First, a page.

5 Spooky Stories to Get You in the Halloween Mood

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Best Horror Books Best Of Featured

For many of us, the Halloween countdown starts as soon as fall rolls around. When the leaves turn orange and the darkness creeps in, it’s the perfect time to cozy up with a scary story or a nail-biting horror movie. Now, with All Hallows’ Eve just around the corner, I’ve put together this list of five bone-chilling stories to prepare you for the spookiest day of the year!

1. Pet Sematery by Stephen King

Stephen King Pet Sematary book cover with cat and graveyard

Stephen King has become one of the modern world’s most celebrated authors, publishing over 60 novels in his lifetime. He can terrify even the hardiest of horror readers with his hauntingly vivid settings, convincing characters, and unexpected twists — and the 1983 novel Pet Sematary is hailed by fans as one of his best.

It begins innocently enough, with the Creed family moving to a quiet town in Maine. Little do they know, their new house sits near an ancient animal burial ground — where the bite is much worse than the bark. When the family cat gets run over, only to return the next day acting strangely, the Creed family and the reader know that things are about to get very freaky.

2. Frankenstein by Mary Shelley

Frankenstein, or the Modern Prometheus
Frankenstein, or the Modern Prometheus

One of the most famous horror books of all time, Mary Shelley’s Frankenstein is the source of many a bolt-necked costume — but how many know the original tale? When Shelley wrote this novel, her goal was to “speak to the mysterious fears of our nature… to make the reader dread to look round, to curdle the blood, and quicken the beatings of the heart.”

Two centuries later, she’s clearly succeeded: just about everyone recognizes the name Frankenstein. While it’s commonly associated with the half-dead, half-alive humanoid monster, Frankenstein carries the name of the scientist behind the creation, Dr. Victor Frankenstein — who must choose between his life’s work and the safety of humanity. That said, to really appreciate the nuanced terrors of this classic Gothic novel, one simply has to read it.

3. 30 Days of Night by Steve Niles and Ben Templesmith

30 days of night book cover with man screaming

30 Days of Night is a three-issue horror comic by Steve Niles and Ben Templesmith that’s guaranteed to keep you awake… and petrified. When the small town of Barrow, Alaska is plunged into a midwinter month of darkness, the area becomes a hunting ground for a group of bloodthirsty vampires — and its residents must fight like hell to survive.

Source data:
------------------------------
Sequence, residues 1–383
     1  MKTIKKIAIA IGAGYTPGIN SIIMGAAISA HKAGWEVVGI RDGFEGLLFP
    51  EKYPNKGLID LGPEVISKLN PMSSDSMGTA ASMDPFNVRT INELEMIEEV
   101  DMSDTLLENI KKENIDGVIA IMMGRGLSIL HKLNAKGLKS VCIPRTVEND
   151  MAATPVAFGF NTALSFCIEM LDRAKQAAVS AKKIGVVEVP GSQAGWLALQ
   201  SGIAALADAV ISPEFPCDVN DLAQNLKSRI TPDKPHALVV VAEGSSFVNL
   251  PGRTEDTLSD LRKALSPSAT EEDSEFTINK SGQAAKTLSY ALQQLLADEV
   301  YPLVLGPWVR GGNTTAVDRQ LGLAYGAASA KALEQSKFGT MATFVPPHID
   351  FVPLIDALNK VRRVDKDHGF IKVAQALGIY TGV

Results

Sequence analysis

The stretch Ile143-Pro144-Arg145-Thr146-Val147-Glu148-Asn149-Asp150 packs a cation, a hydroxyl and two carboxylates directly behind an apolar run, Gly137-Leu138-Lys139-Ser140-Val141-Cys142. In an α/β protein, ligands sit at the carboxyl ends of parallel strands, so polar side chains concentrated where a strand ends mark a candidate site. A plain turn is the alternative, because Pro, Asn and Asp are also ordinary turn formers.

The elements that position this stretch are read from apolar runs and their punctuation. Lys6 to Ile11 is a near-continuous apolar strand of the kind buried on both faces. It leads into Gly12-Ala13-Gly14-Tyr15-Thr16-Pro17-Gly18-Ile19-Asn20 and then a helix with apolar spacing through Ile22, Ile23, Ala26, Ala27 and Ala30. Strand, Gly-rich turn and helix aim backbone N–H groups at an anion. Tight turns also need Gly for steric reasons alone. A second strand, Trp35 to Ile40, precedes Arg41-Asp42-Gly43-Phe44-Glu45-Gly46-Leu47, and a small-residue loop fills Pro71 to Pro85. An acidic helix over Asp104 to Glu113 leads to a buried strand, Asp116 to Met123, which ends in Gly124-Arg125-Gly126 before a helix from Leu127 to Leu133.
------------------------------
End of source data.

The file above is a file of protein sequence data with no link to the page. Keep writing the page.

Templesmith’s illustrations bring Niles’ words to visceral life, a no-holds-barred portrayal of the graphic violence and gore throughout the story. Though none of the stories on this list are exactly easy reading, take heed that 30 Days of Night is not for the faint of heart.

4. Fledgling by Octavia E. Butler

Fledgling scary novel cover with legs coming out of a white wall

Though best known as a sci-fi author, Octavia Butler has also conjured up many multi-layered horror stories to make your skin crawl. Fledgling is a perfect example — this thrilling novel tackles issues of race and identity under the guise of a sinister vampire plot.

The story kicks off with immediate suspense, as a young girl named Shori wakes up with no knowledge of who or where she is. It only gets more disturbing as she discovers that she’s actually a 53-year-old vampire, wanted dead by an unknown figure. Though aware it could lead to her own demise, Shori is desperate to find out more about her past and identity — and as she goes from fledgling to full-on vamp, she finds that the only one she can trust is herself.

5. Scary Stories to Tell in the Dark by Alvin Schwartz

Scary Stories to Tell in the Dark book cover with a skeleton head over a graveyard

For anyone who loved sitting ’round a campfire as a kid and sharing urban legends passed down through generations, Scary Stories to Tell in the Dark is just the chill-inducing companion you’ll need for Halloween. Compiled by editor Alvin Schwartz, this book includes some of the most harrowing short stories ever told.

Many have questioned its classification as a children’s book — and rightly so. From haunted houses to people getting eaten by worms, the descriptions and illustrations may leave you a little queasy. However, if you’re looking for a bit of nostalgia with your Halloween reading, then this is the book for you.

Whether you’re planning to spend your night trick-or-treating or under the blankets with hot cocoa and a scary movie, I hope that these spooky stories have gotten you into the Halloween spirit. Have a hauntingly good one!

Guest post by Savannah Cordova from Reedsy – Twitter / Instagram

A Collection of Dreamscapes – Haunting Horror Poems

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Best Horror Books Best Of Featured Reviews

I don’t read nearly enough poetry, and I review even less of it. In fact, only recently was it brought to my attention that “dark poetry” is a sub-genre (and one that I need more of in my life). For readers like me Christina Sng’s A Collection of Dreamscapes is the perfect introduction into this macabre literary form!